Welcome to Our Consumer Place
So, you've got a 'Mental Illness'? ... What now?
Speaking Our Minds: A guide to how we use our stories
Deep Insight: Leaders in the international mental health consumer/survivor movement share their thinking
Psychobabble: the Little Red Book of Psychiatric Jargon
Our Consumer Place is a resource centre run entirely by people diagnosed with "mental illness" (we choose to call ourselves "consumers"). We provide information, training, support and advice to consumer-developed groups and projects. We also support what we call "consumer perspective" recognising that the lived experience of "mental illness" provides a crucial source of insight that is of value and must be respected. We believe that we are part of an important cultural shift, towards valuing and respecting the lived experience of "mental illness."
Those of us diagnosed with "mental illness" have a unique perspective to offer. Our lived experiences are rich and varied: some of us experience madness, psyche-ache, emotional distress, hearing voices, mental breakdown or "mental illness" and we don't all make meaning from our experiences in the same way.
Many of us have experienced prejudice, exclusion and trauma. Many have used or survived mental health services, others haven't. Many of us have hidden our experiences, some of us share our experiences in various ways.
We all share the ability to reflect on our lives, our communities and the 'mental health system' from the perspective of having been through these experiences. Our Consumer Place is a resource for our voices to come together and become stronger.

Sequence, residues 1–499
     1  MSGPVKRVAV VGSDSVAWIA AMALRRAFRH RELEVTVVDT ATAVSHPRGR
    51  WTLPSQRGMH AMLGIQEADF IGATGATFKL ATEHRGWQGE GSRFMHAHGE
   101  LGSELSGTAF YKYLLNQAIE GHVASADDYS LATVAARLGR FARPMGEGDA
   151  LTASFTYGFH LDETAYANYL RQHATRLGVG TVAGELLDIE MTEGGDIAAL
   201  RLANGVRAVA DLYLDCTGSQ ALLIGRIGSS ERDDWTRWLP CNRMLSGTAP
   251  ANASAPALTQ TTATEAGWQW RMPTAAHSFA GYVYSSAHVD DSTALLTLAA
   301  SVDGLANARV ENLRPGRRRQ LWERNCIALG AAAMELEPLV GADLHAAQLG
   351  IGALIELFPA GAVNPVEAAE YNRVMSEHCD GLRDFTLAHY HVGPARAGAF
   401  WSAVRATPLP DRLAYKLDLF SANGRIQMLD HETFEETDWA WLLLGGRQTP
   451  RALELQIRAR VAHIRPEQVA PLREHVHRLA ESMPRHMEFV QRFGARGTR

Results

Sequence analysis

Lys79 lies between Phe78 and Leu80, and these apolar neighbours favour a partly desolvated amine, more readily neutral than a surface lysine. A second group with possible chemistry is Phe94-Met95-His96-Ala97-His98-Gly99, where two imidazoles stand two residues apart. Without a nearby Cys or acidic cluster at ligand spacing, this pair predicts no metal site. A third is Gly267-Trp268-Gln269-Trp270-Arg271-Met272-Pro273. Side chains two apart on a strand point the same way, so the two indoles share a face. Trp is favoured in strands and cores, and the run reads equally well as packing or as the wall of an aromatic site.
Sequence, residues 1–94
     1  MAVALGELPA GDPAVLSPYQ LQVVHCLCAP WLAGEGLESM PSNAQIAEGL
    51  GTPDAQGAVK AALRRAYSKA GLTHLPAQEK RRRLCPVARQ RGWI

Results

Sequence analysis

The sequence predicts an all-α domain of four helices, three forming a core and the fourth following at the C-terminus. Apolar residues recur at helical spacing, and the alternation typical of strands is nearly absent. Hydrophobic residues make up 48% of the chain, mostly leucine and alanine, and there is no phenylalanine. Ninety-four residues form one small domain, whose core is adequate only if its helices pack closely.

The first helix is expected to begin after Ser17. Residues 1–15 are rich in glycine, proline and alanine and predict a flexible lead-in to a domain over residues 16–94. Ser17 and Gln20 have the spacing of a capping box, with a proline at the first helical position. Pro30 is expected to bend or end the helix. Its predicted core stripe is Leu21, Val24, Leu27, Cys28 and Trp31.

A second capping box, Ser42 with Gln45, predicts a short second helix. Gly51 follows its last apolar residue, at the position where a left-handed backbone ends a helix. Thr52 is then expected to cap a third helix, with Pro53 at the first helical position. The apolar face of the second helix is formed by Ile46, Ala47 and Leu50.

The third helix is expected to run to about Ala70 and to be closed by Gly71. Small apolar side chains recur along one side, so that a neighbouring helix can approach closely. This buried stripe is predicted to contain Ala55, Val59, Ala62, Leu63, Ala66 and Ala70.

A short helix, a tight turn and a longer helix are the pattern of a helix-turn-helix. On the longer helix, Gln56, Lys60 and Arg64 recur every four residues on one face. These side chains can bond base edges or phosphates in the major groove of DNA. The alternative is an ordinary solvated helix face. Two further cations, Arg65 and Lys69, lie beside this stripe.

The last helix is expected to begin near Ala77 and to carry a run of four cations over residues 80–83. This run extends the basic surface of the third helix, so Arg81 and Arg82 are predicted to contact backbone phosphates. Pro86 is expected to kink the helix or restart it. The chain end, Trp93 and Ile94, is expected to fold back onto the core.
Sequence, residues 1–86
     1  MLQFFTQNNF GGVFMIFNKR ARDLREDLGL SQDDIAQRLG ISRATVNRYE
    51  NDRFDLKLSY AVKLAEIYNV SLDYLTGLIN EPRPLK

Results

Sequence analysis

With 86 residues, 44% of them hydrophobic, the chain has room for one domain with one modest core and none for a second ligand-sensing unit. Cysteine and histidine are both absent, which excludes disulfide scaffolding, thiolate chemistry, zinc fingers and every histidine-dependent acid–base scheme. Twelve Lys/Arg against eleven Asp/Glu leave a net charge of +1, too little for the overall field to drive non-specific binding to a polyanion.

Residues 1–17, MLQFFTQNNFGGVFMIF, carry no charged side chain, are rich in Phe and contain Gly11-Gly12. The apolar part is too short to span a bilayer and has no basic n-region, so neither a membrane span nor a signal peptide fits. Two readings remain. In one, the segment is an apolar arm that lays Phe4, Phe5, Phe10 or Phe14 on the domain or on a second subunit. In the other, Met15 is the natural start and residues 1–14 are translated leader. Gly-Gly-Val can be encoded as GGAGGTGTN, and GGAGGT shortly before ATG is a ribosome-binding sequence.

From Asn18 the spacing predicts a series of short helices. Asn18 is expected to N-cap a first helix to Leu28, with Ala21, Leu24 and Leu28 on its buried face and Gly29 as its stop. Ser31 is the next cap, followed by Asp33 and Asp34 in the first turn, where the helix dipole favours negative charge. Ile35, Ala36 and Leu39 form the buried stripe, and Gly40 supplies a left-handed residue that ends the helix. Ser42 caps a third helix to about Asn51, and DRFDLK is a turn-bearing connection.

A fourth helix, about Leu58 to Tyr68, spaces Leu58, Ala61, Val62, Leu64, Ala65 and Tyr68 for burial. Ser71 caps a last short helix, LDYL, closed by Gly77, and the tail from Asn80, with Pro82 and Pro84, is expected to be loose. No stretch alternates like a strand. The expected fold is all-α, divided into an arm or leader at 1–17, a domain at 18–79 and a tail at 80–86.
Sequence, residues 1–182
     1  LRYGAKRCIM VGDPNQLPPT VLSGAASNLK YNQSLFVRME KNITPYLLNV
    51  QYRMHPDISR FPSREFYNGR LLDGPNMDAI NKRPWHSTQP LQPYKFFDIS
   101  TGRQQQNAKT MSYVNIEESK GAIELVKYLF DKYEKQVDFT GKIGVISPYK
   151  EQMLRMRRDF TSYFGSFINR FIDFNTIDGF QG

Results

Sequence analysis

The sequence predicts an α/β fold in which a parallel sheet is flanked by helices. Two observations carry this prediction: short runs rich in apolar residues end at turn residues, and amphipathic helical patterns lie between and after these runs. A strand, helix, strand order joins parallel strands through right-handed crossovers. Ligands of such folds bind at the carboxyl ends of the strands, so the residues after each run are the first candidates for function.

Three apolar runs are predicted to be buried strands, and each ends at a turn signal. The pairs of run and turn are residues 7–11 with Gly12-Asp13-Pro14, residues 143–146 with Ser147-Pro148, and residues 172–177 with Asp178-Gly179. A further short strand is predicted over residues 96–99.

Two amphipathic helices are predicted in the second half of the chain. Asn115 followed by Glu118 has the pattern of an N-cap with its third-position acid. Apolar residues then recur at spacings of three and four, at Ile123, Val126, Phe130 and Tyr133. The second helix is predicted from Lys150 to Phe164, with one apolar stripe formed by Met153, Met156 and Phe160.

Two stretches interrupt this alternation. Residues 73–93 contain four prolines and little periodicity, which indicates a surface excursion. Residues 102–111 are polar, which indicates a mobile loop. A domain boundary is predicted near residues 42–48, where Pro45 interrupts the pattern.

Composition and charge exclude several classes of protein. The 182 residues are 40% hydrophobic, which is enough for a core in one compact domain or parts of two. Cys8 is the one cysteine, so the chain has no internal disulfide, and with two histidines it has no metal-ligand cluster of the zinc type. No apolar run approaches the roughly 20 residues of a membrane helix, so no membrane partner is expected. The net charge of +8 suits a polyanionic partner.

We are based in West Melbourne (Victoria, Australia). We are funded by the Department of Health (Government of Victoria) and auspiced by Our Community. We are unique in Australia, but there are many similar services in Europe and the United States.
(Key terms: "consumer", "Consumer Developed Initiatives" (CDIs), "consumer perspective", "mental illness")
News in the consumer world
Opening Doors: a fantastic new training resource on the impact of seclusion
Opening Doors is a training resource developed by Awareness, a New Zealand network of consumers to help people working in the mental health sector understand the impact of seclusion on all those involved. The intention is to encourage the use of alternatives, so that mental health inpatient seclusion - leaving a distressed or agitated person locked in a bare room, alone - can become a thing of the past. To view this marvellous resource, click here.
***Must-see consumer creations***
Paws For Purrfect Patient Therapy (PRPPT) a consumer run, not-for-profit organisation, providing community based pet foster care services for people with mental illness. The aim is to allow patients to voluntarily surrender their pets during crisis periods (such as hospital stays). It's just starting up and could use your support (including pet supplies, volunteers interested in becoming foster pet carers, board and committee members and more). PFPPT has been nominated for a competition and could win a $5,000 grant from Sun Super!!! Do you think PFPPT is a good idea and want to get involved and help mental health consumers and their pets? Want to do more to help?? Voting is really easy! Just click here. Or check PFPPT out here: www.pawsforpurrfectpatienttherapy.com. (Source: Naomi Snell, founder of PRPPT).